Spokane Journal of Business

General aviation flight center planned at Felts Field

Museum to lease space at west end of structure

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-—South Henry Studios
The Honor Point Military & Aerospace Museum will take 10,000 square feet of space in the new complex slated to be constructed at Felts Field. Museum proponents initially had agreed to lease land at Felts and build a structure there, but changed plans when this project came to fruition.
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-—South Henry Studios
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-—South Henry Studios
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A Spokane investor group named EFT LLC plans to develop a 40,000-square-foot, $2.8 million general aviation flight center at Felts Field municipal airport in East Spokane, says Tim Gump, managing member and part owner of EFT.

Western Aviation Inc., a fixed-base operator at Felts Field in which Gump also is a part owner, will occupy most of the 350-foot-long complex, which is to be constructed west of the historic terminal building there and will include three 10,000-square-foot hangars. The Honor Point Military & Aerospace Museum, which had leased land at Felts with plans to eventually develop a building there, has agreed to lease 10,000 square feet of space there.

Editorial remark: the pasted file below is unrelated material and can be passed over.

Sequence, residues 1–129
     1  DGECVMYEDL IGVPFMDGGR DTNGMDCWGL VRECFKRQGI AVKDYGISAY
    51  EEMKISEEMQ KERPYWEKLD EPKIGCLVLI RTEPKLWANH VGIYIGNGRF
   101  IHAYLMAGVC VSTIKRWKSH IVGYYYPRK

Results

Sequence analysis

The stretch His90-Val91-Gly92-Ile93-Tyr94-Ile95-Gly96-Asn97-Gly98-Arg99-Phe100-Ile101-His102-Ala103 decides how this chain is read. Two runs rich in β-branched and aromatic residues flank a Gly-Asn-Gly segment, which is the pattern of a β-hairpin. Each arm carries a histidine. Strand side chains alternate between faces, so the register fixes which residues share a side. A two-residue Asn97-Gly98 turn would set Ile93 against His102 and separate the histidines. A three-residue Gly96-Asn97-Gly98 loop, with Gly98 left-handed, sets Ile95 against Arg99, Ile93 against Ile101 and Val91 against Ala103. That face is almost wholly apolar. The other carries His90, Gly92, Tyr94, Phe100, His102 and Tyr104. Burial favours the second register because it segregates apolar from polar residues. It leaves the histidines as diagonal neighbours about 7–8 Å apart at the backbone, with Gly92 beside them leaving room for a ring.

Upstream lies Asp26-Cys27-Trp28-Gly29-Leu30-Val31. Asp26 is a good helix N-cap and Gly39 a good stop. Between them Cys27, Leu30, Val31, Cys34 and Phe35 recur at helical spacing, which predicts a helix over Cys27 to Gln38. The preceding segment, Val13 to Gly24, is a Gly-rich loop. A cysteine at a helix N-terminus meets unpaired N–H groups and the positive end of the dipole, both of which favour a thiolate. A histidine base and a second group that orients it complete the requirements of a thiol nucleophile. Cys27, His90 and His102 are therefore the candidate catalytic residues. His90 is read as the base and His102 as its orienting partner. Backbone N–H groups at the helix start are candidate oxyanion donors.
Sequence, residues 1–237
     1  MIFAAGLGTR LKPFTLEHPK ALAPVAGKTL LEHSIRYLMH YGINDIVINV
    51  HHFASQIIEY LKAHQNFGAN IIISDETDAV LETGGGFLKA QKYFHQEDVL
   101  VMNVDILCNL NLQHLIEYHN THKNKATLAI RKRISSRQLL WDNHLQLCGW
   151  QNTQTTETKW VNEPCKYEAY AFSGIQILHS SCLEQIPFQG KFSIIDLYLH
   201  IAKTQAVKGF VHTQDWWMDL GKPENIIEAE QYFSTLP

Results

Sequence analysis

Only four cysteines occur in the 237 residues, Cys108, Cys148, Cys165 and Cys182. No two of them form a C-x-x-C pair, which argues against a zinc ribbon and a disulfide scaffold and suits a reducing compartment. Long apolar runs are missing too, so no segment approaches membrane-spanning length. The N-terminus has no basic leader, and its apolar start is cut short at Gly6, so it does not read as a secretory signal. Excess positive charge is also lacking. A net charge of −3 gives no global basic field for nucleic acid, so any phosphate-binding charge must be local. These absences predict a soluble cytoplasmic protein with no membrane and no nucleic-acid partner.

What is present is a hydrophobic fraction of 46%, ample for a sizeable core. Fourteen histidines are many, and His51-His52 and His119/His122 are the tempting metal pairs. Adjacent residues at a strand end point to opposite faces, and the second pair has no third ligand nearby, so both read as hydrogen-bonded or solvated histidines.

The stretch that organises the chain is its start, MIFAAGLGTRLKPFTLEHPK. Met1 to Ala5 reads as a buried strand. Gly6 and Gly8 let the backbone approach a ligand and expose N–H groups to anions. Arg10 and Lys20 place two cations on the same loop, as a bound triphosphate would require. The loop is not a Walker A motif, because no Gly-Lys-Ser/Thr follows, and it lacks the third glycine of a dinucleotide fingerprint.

A ceremonial groundbreaking for the estimated $2.8 million project was to be held today at the air field, located at 6005 E. Rutter.

Larry Krauter, CEO for Spokane International Airport and Felts Field, which are administered by the Spokane Airport Board, says he’s excited about the project, which he believes will give the general-reliever airport a “first-class executive air terminal.”

Gump says EFT hopes to begin work on the project in mid-May and to complete it by the end of this year.

Paul Harrington, of South Henry Studios, of Spokane, created conceptual renderings for the project, and Blew’s Construction Inc., of Spokane Valley, did other design work on the project and will be the general contractor, Krauter says. He says Taylor Engineering Inc., of Spokane, also has provided services on the project, and Washington Trust Bank, of Spokane, will provide financing for it.

“Felts Field has never really had a first-class operation (of the type EFT envisions there), and we feel if we build it, there will be more flight activity that will want to come,” Gump says. As for the longtime-envisioned Honor Point museum and its multitude of backers, he says, “We thought this would be a nice place for them to get a start.”

Of the project overall, he says, “I’m very positive about it. I’m very excited about it.”

Gump also is president of Edmo Distributors Inc., a wholesale supplier of aircraft electronics and related components, which he moved to Spokane from California in 1993 and which now occupies about 35,000-square-feet of space at 12830 E. Mirabeau Parkway, in Spokane Valley.